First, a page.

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The Infinity Burial Project "proposes alternatives for the postmortem body that promote and facilitate an individual engagement with the process of decomposition." Be sure to check out their mushroom death suit.

The architecture of stunt work is as-yet unrealized, but well-worth pursuing. The idea of constructing architecture around so-called "narratives" of daily (or not-so daily) life can often result in impractical or overly-whimsical patterns, but then again it can result in some seriously awesome stuff. And the world needs stunt schools.

The University of the Michigan's Center for Japanese Studies Electronic Publications has a bunch of old book available online. Subject matter is varied, but you never know when something's going to come in handy, and hey, free!

A Tae Bo class in Korea, working out in perfect resonant frequencies, caused a 39-story skyscraper to shake. No joke.

This just in: Al Franken is still a badass. This time he's stumping for the repeal of DOMA. I love that guy.

Orchestra culture appears to be as jaded and dumbed down as anything else in America. Ho hum.

Linkland.

Jun. 29th, 2011 02:10 pm
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Master film composer Bernard Herrmann, particularly noted for his Hitchcock scores, would have turned 100 today. NPR has an awesome tribute to his lasting genius.

The Mona Lisa will not be leaving the building. The Louvre has apparently rejected a proposal by Italy to borrow the work for a 2013 exhibition. Apparently, the work hasn't left France since 1974. If you ask my mother, the real Mona Lisa hasn't been on display for years, but is instead kept in storage somewhere while an obvious (to her) copy now hangs on the wall--the bulletproof glass that shields it also serving to make it difficult for the casual observer to realize the substitution. If this is the case, then I suppose the museum has a vested interest in never loaning it out to anyone ever again.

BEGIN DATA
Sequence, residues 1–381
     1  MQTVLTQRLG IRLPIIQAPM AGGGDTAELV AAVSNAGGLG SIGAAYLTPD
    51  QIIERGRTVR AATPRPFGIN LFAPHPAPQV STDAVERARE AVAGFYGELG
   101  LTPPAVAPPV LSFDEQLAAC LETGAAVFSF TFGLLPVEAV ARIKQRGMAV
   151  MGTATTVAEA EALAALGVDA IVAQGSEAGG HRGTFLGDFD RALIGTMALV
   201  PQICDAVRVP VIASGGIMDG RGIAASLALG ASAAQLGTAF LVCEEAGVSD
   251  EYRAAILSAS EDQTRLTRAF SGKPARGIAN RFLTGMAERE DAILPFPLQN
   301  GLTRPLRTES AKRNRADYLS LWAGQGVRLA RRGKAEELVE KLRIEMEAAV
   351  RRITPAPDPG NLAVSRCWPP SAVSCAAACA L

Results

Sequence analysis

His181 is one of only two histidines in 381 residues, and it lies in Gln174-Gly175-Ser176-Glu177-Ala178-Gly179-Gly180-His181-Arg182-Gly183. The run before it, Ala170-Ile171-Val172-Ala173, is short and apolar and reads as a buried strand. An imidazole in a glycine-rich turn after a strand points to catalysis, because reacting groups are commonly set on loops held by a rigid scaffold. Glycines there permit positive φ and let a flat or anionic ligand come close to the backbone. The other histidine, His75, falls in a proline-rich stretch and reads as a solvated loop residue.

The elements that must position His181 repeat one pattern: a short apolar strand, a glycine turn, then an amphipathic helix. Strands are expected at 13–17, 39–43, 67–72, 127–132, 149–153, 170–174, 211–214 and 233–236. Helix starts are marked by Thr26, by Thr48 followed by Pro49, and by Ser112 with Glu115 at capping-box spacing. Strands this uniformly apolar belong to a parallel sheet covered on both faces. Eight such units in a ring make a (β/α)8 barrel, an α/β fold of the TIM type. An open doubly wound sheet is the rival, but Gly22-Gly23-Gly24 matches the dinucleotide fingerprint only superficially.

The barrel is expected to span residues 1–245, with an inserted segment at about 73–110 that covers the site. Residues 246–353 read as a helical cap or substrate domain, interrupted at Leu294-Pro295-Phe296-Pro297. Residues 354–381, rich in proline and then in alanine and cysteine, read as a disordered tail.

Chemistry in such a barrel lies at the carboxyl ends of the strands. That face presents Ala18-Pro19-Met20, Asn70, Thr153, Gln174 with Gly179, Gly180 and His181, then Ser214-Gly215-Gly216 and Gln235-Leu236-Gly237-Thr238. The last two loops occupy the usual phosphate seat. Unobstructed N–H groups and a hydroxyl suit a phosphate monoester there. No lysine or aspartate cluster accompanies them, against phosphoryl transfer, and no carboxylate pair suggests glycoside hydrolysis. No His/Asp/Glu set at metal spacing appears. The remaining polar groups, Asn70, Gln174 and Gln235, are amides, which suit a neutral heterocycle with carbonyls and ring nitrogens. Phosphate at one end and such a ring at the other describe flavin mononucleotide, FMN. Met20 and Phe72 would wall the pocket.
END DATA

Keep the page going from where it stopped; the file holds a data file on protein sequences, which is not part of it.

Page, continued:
Good news: Björk is releasing a new album soon. Bad news: It's inextricably linked with apple products. Sigh.

Feministing has a good opinion piece up about Bristol Palin and rape culture. In her new memoir, Palin-the-younger describes her first sexual encounter with Levi Johnston, and it sounds a whole hell of a lot like a date rape. But she won't acknowledge it as such; perhaps she can't. The tendency when dealing with the Palins is to dismiss them and anything that happens to them as part and parcel of their own petard, and to some extent that's true. But I can't help feeling that Bristol Palin is just a big walking victim, with no awareness whatsoever of her own victimhood. She makes me incredibly sad.

D r i f t g l a s s takes on the recent furor over whether or not people should go to college, and he ladles the reality on nice and thick. This is a fantastic and thought-provoking read about not just college, but about the facts of life in working America. It even has a nod to new high school models that are looking more toward skills training than college training. Check it!

Linkland.

Jun. 19th, 2011 02:08 pm